Refugee vs. Asylee

June 2020

The common definition of refugee, which would include Asylees, is, “a person who has been forced to leave their country in order to escape war, persecution, or natural disaster.” Both groups can apply for citizenship 4 years after they achieve their status, and are eligible for public assistance. Refugees and Asylees share many legal and factual statuses, there are distinctions.

Differences

 

Refugee

Asylee

Process

Individuals outside the U.S. are extensively vetted before coming to the U.S. The Department of Homeland Security, Customs and Immigration Service makes the determination whether to approve individuals for resettlement in the U.S.

Enters the U.S. without legal status, at a port of entry or otherwise. Includes individuals who arrive in the U.S. as workers, students, vacationers or other legal status and then seek asylum. Application for asylum must be made within one year of date of entry into U.S.

Employment

Gets a work permit immediately upon arriving as a refugee. Must apply for a green card 1 year after arrival.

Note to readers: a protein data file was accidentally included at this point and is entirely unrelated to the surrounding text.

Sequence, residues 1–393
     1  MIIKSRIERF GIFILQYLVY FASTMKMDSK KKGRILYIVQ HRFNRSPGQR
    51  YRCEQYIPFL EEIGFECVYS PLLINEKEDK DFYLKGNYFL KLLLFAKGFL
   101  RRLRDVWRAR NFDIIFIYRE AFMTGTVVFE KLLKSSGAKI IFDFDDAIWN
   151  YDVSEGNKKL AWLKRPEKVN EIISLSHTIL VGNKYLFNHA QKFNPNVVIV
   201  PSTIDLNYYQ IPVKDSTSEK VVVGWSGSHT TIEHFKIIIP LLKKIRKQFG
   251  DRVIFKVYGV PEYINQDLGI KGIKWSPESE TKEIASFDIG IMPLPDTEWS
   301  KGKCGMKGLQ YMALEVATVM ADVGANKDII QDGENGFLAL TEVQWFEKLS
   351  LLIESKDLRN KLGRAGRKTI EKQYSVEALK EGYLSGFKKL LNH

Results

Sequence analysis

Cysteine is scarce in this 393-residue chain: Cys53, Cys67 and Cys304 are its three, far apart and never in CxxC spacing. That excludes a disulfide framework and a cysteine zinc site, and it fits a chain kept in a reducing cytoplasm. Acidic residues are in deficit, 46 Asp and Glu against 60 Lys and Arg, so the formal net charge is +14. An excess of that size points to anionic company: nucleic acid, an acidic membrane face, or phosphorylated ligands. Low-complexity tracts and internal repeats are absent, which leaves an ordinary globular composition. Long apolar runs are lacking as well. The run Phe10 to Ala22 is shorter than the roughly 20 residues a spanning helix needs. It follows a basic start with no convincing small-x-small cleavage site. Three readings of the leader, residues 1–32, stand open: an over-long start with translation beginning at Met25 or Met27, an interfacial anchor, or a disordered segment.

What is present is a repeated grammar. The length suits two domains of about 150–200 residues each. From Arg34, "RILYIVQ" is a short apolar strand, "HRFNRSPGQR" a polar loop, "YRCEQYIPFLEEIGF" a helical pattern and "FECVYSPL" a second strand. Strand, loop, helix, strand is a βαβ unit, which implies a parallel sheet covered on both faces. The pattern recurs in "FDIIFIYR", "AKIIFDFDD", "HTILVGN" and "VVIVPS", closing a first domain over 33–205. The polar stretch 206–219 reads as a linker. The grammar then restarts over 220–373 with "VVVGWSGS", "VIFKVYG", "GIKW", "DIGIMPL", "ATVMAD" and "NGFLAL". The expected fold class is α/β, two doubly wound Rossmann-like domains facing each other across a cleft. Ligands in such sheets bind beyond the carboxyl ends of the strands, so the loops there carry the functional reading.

May apply for a work permit after asylum is granted (which can take a year or more after application for asylum is filed). May apply for a green card 1 year after asylum granted.

Assimilation Support

U.S. Department of State and DHS provide funding to nonprofit agencies for assistance

None

Quotas/Caps

Set by President in consultation with Congress.

None. However, steps taken recently to severely limit the number of asylum seekers admitted at the southern border

Governing Law

Refugee Act of 1980

Immigration and Nationality Act. 8 USC Sec. 1158

International
Agreements

United Nations 1951 Refugee Convention
 1967 Protocol Relating to Status of Refugees

Facts You Should Know

  • The Immigration and Nationality Act of 1965 created a preferential category of “refugee” for immigration.
  • The Refugee Act of 1980 amended the law “to provide a permanent and systematic procedure for the admission to the United States of refugees of special humanitarian concern to the U.S., and to provide comprehensive and uniform provisions for the effective resettlement and absorption of admitted refugees.”
  • In the fiscal year ending in September, 2016, the U.S. admitted 84,995 refugees.
  • USCIS received an estimated 139,801 affirmative asylum applications in 2017, 21 percent more than the year before and close to a 150 percent increase since 2014.

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• The administration announced that it would accept only 18,000 refugees during FY2020, down from the current limit of 30,000 for FY2019 and a fraction of the 110,000 the previous administration said should be allowed into the United States in FY 2016.

Affirmative, Defensive, and Total Asylees by Country of Nationality, 2017